Reddit Reddit reviews Richard Scarry's Cars and Trucks and Things That Go

We found 7 Reddit comments about Richard Scarry's Cars and Trucks and Things That Go. Here are the top ones, ranked by their Reddit score.

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Richard Scarry's Cars and Trucks and Things That Go
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7 Reddit comments about Richard Scarry's Cars and Trucks and Things That Go:

u/ShalomRPh · 4 pointsr/WeirdWheels

He's driving a blue 2CV4 on the endpapers, too.

I found, rereading this as an adult, that quite a few of the weird vehicles in the book exist in real life (e.g. that 2CV4, I'd never seen one in the flesh until long after I read the book as a child). One of these days I've gotta go back through it and see if I can identify them. It's still in print, but they've reduced the page size a bit and parts of some of the pictures have disappeared into the binding. My old copy has pretty much disintegrated, but I bought a new one for my kids.

u/bookchaser · 3 pointsr/childrensbooks

Try /r/parenting/ and /r/raisingkids/ (slightly less toxic)

Many kids don't begin to read until they enter kindergarten (age 5). If this 4-year-old is being taught by his parents to read, or gets such instruction (say, in a Montessori preschool) find out if he's in the early stages, or he's going full bore reading regular picture books and 'early reader' books on his own. Such a child typically enters kindergarten reading at a first or second grade level.

Unless he's a strong reader, the safe and good bet is to buy books with the intent that his parents will read the books to him. So even a chapter book could be appropriate if the subject matter interests him to be read a chapter or two each night at bedtime.

There are loosely ordered by my recommendation level:

  • Richard Scarry’s Cars and Trucks and Things That Go. This one is bursting with vehicles, tons to take in on every double page... mostly passenger vehicles, but all manner of other types of vehicles make their own appearance, plus lots of absurd ones (a gorilla driving a banana car, etc.) One scene is in a construction site. A thin story line ties each scene together (the pig family going on a car trip, and Officer Flossy chasing down the speeding Dingo Dog). A fun feature is a yellow bug ("Goldbug") hidden in a different place on each double page. Be sure to get the hardcover. Even when Mom or Dad isn't there to read it, the book is fun to look through.

  • Mike Mulligan and His Steam Shovel (Amazon link). This is a true classic from 1939. A steam shovel was antiquated even in 1939, but that's the theme of this story.

  • Trashy Town (garbage truck) This one is fun if you can get him repeating the story's refrain with you... "Is the trash truck full yet? {yelling} NOOOO! Mister Gilly drives on..."

  • I Stink (garbage truck)

  • Goodnight, Goodnight Construction Site

  • Justin Roberts Greatest Hits CD (or MP3s). I mention this one only because he has a song Obsessed by Trucks.
u/MunsterDeLag · 2 pointsr/Random_Acts_Of_Amazon

Used! - We've been talking about transportation at work. I think the kids would enjoy this to look at.

Edit: And bubbles

u/wordjockey · 2 pointsr/books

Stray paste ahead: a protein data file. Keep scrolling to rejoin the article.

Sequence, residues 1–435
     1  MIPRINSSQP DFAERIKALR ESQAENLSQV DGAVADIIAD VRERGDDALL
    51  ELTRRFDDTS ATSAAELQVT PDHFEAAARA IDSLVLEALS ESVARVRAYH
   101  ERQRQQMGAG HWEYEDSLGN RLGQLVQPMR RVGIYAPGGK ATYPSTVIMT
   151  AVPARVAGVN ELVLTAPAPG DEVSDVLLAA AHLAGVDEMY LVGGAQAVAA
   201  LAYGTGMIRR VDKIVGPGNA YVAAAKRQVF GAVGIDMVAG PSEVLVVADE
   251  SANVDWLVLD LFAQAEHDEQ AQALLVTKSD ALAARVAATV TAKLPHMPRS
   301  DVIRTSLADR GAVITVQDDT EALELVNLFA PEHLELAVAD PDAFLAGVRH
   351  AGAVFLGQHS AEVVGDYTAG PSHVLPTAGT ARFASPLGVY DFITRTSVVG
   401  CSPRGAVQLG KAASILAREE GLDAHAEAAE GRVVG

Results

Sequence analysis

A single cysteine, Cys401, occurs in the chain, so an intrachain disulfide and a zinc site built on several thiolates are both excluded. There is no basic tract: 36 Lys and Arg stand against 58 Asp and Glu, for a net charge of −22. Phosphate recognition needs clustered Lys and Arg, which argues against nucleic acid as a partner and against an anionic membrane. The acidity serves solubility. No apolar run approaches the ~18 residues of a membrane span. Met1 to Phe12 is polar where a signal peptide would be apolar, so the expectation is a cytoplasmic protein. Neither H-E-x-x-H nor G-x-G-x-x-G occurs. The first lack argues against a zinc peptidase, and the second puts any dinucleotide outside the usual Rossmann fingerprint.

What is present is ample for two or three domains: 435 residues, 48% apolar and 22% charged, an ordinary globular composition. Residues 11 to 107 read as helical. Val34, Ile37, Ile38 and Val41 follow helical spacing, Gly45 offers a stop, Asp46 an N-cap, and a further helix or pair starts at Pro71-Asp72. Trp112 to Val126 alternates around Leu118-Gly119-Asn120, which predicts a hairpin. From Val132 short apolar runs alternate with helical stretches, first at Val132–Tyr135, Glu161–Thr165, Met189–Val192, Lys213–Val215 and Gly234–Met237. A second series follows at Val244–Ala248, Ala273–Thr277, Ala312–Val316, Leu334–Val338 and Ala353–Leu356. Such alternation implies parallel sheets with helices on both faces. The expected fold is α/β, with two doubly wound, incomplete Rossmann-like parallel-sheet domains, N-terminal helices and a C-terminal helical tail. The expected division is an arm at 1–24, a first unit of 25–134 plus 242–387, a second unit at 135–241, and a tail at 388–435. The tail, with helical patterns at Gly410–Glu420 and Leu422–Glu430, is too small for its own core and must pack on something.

Nix The Giving Tree -- it's for older kids, and really, for adults.

For the 4-year-old, Flat Stanley is a fun early chapter book series that his parents can read him (there are more books than in the linked boxed set).

Richard Scarry is good for the numerous things to look at. If you only get one, buy Cars, and Trucks and Things that Go. Check the book dimensions first. You want at least a 10 to 12 inch Richard Scarry book, the bigger the better.

There are a ton of pictures books on the market. Go to a good bookstore. Choose ones that have more than a few words per page (because only a few words indicates it's probably a baby book read by a parent). Definitely no board books.

The 9-year-old is probably asking for non-fiction books when he says educational books.

  1. Best of Mad Libs is a huge one that will last him a while.

  2. Animal Encyclopedia. There's a whole range of hardcover books like this, lots of color photos with factoids about the subject matter.

    Do you know if the 4-year-old is reading yet, or what either of their interests are outside of books? What other types of gifts did they ask for? That might give you a clue. For example, if either of them mention Star Wars, books about Star Wars may get them really excited about reading, or maybe a non-fiction book about space flight, etc.
u/SaraFist · 1 pointr/Random_Acts_Of_Amazon

I loved these giant bricks so much at that age! Superfun for basic stacking as well as advance building.

Should probably wait a bit on this one, but Cootie is the best game ever for the preK & K crowd. Another classic game is Memory.

Have some construction paper, brown paper bags (I cut the bottoms off, then down one seam and use the backside as kraft paper), markers, and crayons. Even the 2 year old can rip paper up and stick it to contact paper to make fun collages! Bonus, no need for scissors!

And please don't forget books! Board might be best for the little girl, but if she's not an eater/tearer, then go ahead and get paper or hard backs. Rikki Tikki Tembo, a Seuss collection, Where's Spot, some Eric Carle, Carl, Richard Scarry, Jamberry, and some Little Golden Books ought to be a good start! Protip: Thrift shops have tons of books for kids in great condition.